The Way We Are?

25 years ago: “Simple greed has taken over a lot of people, and they’re no longer willing to give even time away … I can remember the day when it was easy to round up volunteers for almost any purpose, but now most people want to get paid for whatever they’re asked to do.”– From “Associations, Are they Social Gatherings or Legitimate Business Meetings for Professionals?” by Russ Cornell, Canadian Consulting Engineer, September 1976.


Engineers commissioned for Quebec library

Consulting engineers have been appointed for the Grande bibliothque du Qubec, a large new central library that the province has been planning for many years to be built in Montreal. Consulting engineers Nicolet Chartrand Knoll and Gniplus of Montreal have won the contract for structural engineering, and Bouthillette, Parizeau, and HBA Group will do the mechanical and electrical engineering.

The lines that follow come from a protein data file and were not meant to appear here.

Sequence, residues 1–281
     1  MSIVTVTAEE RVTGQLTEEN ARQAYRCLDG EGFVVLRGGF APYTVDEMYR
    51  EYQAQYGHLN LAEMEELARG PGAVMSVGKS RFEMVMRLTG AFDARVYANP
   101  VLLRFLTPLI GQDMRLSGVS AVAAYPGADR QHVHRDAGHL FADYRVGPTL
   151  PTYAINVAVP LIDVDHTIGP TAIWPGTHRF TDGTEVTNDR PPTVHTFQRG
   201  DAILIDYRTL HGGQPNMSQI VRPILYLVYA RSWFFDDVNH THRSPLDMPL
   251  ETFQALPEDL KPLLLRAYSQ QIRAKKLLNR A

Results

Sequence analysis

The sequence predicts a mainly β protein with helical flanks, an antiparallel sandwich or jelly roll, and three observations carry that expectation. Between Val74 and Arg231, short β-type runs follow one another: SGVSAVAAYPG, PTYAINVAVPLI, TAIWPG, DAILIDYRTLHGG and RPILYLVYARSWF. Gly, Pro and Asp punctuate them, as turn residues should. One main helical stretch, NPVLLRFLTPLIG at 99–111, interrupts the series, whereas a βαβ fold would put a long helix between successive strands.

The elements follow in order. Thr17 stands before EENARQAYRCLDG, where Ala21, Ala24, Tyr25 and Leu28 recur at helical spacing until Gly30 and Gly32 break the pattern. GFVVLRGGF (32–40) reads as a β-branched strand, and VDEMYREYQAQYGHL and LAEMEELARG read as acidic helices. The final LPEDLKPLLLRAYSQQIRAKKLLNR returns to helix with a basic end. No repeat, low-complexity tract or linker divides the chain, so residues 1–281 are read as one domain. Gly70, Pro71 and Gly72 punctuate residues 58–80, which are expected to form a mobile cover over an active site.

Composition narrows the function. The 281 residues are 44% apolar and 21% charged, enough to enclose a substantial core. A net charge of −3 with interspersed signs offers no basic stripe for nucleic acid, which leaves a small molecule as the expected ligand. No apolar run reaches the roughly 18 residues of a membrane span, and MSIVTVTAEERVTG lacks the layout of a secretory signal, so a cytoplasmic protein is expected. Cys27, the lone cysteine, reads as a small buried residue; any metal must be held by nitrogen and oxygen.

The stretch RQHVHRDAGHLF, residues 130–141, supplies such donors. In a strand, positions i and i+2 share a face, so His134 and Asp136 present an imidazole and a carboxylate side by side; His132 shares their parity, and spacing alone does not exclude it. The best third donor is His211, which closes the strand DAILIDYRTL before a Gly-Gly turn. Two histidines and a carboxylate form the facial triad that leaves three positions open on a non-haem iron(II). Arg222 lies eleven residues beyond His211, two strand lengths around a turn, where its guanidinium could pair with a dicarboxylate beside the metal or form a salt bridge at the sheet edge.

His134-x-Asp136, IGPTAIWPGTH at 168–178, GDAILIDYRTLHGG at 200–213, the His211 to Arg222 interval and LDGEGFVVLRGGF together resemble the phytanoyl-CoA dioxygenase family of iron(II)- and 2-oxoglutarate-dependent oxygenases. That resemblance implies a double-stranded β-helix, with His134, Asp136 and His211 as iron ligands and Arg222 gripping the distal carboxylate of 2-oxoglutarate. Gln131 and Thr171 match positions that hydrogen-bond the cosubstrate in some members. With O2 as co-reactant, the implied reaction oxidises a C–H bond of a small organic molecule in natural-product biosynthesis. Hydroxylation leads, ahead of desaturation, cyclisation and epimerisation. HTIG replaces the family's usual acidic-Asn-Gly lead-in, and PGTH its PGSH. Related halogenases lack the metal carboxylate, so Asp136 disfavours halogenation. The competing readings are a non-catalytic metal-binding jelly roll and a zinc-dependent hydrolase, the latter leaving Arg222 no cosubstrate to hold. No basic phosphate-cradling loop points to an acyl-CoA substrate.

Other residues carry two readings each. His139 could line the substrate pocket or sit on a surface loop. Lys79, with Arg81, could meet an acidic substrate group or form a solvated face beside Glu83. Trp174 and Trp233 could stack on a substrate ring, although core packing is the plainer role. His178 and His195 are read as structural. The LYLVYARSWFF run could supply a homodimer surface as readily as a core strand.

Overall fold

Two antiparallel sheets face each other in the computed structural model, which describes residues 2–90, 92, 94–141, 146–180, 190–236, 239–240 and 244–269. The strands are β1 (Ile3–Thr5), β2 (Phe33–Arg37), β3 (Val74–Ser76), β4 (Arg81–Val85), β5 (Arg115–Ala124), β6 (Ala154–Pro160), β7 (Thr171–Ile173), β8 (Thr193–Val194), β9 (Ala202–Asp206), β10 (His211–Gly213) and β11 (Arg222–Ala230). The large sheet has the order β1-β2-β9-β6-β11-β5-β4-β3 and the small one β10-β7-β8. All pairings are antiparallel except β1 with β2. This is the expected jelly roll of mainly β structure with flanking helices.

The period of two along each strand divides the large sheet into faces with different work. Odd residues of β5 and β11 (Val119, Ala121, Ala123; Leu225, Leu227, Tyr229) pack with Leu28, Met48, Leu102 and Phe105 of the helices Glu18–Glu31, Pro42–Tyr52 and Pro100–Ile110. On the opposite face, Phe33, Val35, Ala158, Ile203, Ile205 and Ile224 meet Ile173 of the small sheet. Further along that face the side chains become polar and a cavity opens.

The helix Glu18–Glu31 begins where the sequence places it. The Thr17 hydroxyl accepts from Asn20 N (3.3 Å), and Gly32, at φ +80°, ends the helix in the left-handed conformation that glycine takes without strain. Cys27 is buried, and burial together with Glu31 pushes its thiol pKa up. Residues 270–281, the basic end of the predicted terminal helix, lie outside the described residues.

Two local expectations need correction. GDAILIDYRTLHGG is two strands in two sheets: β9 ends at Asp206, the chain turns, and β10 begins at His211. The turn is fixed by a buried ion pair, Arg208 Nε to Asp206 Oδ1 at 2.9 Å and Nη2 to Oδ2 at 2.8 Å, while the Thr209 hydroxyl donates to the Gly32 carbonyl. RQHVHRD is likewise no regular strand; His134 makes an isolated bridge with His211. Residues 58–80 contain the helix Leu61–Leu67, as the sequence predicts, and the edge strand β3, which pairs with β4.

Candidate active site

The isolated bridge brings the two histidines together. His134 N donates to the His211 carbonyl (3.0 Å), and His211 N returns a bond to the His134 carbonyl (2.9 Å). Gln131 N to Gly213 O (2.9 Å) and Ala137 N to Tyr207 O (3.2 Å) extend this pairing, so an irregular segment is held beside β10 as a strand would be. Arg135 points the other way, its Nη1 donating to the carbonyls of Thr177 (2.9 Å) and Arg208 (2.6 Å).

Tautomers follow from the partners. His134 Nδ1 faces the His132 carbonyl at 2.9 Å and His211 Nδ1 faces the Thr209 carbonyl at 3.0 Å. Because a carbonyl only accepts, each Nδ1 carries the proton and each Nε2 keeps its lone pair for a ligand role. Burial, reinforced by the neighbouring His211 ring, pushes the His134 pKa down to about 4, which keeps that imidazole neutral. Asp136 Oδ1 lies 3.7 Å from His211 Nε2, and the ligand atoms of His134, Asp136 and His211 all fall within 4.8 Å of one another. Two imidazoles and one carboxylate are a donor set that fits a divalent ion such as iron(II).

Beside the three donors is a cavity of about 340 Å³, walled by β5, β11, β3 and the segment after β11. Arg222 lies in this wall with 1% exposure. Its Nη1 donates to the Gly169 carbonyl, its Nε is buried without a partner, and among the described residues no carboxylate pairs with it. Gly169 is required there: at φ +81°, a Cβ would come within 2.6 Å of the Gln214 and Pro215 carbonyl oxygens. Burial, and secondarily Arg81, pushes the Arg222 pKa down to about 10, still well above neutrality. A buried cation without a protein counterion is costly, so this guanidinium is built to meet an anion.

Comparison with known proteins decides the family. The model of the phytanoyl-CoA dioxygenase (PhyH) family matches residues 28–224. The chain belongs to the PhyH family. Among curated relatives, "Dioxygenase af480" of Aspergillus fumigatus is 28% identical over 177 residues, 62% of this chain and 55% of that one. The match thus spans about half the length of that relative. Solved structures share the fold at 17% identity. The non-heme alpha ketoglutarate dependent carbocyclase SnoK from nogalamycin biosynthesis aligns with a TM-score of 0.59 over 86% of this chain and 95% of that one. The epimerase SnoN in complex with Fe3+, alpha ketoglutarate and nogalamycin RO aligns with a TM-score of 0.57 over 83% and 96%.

The $90.6 million library is to be built over the next three years on the site of the Palais du Commerce (which will be demolished) at the corner of de Maisonneuve Boulevard and Berri Street near the Berri-UQAM metro. Last year a small firm from Vancouver, Patkau Architects, in association with Quebec firms Croft-Pelletier and Gilles Guit won an international competition to do the architectural design. The library is to contain four million documents, including one million books.


Manitoba imposes Certificates of Authorization

Two years after Manitoba’s Engineering and Geoscientific Professions Act stipulated that incorporated engineering entities must have a Certificate of Authorization to perform services, the Association of Professional Engineers and Geoscientists of Manitoba is accepting applications.

Implementing the program has been a long and trying issue for the Manitoba association, and its members still have to ratify a bylaw change. The difficulty partly arises because the program requires that certificate holders have liability insurance. Manitoba is the last province apart from Quebec to impose the C of A requirement.